“Don’t talk of blame, Mr. Cameron, please,” said Patty’s soft voice; “you kindly brought us here to give us pleasure and you did so. The fact that this emergency has arisen is of no blame to anybody. The only one to be blamed is the one who cannot meet it bravely!”
MEETING IT BRAVELY
“You’re the most wonderful girl in the world!” exclaimed Cameron, in a burst of admiration at Patty’s speech.
But Kenneth looked steadily at Patty, with a thoughtful gaze.
“You’re keyed up,” he said to her, gently; “and if you take it like that, you’ll collapse.”
“Like what?” Patty snapped out the words, for her nerves were strung to a high tension.
“Doing the hysterical histrionic act,” and Kenneth smiled at the excited girl, not reprovingly, but with gentle sympathy. “Now take it standing, Patty,—face it squarely,—and you’ll be all right. We’re housed up here,—for how long, Cameron?”
“I—I don’t know,” said Kit, looking desperate.
“That only means you won’t tell,” declared his cousin. “Own up, Kit, how long did the doctor say?”
“Three or four weeks.”
“Oh!” Patty merely breathed the word, but it sounded like a wail of despair. Then she caught Kenneth’s eye, and his glance of steadfast courage nerved her anew.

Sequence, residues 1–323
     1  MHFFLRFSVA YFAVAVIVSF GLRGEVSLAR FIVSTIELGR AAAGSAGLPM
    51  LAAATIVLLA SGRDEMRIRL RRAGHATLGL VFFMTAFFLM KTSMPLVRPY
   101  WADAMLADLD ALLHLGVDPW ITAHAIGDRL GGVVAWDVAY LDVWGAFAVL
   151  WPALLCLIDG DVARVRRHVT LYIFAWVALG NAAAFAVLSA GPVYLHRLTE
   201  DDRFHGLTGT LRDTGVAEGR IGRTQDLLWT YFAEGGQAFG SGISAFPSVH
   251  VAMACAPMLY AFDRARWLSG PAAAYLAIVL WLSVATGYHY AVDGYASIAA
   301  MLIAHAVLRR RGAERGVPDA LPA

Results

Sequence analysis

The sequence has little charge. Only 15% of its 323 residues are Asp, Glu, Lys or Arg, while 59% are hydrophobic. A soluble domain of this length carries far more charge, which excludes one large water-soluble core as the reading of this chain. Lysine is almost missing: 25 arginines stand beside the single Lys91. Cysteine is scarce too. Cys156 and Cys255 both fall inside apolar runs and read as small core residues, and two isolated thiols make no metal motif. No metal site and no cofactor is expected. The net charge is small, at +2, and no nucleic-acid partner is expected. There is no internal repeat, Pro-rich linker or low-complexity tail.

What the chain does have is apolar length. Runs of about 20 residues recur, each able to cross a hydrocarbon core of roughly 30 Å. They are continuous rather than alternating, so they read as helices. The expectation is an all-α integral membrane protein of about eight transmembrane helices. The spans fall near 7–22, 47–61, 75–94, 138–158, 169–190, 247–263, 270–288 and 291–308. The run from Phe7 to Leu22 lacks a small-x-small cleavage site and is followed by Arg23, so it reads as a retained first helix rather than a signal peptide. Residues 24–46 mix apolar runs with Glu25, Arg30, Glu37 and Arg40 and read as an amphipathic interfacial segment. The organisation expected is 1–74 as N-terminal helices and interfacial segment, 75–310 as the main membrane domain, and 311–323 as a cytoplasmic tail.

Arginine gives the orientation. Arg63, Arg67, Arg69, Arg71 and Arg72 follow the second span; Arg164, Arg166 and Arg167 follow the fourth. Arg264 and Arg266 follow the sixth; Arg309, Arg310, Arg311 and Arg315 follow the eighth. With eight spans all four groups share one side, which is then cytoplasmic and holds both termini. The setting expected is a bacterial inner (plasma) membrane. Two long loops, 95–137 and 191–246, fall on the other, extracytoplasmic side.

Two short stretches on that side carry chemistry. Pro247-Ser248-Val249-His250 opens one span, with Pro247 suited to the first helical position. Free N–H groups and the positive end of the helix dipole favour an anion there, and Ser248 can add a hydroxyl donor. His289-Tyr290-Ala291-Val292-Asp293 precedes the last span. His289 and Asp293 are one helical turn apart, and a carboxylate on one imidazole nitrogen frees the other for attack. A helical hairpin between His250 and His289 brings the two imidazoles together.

“It’s all right,” she said, almost succeeding in keeping a quiver out of her voice. “We can have a real good time. People can send us all sorts of things, and,—I suppose we can’t write letters,—but we can telephone. Oh, that reminds me; may I telephone Mr. Van Reypen at once, that I can’t”—Patty blinked her eyes, and swallowed hard— “that I can’t be at my—at his party this evening?”
Mr. Cameron looked a picture of abject grief.
“Miss Fairfield,” he began, “if I could only tell you how sorry I am—”
“Please don’t,” said Patty, kindly; “I’ve accepted the situation now, and you won’t hear a single wail of woe from me. Pooh! what’s a theatre party more or less among me! And a few weeks’ rest will do us all good. We’ll pretend we’re at a rest cure or sanitarium, and go to bed early, and get up late, and all that.”
“Oh, of course we must all telephone to our homes,” said Marie; “and I must say, I think girls are selfish creatures! We’ve never given a thought to Mr. Harper’s business!”
“Don’t give it a thought,” said Kenneth, lightly. “I’ve given it one or two already, and I may give it another. That’s enough for any old business.”
“That sounds well, Ken,” said Patty, “but I know it’s going to make you a terrific lot of trouble. And Mr. Cameron, too! A civil engineer—”
“Can’t be uncivil, even in a case like this,” put in Kit; “or I’d say what I really feel about the whole business! It would be worse, of course, if one of our own people were ill; but to be tied up like this because of a servant is, to say the least, exasperating.”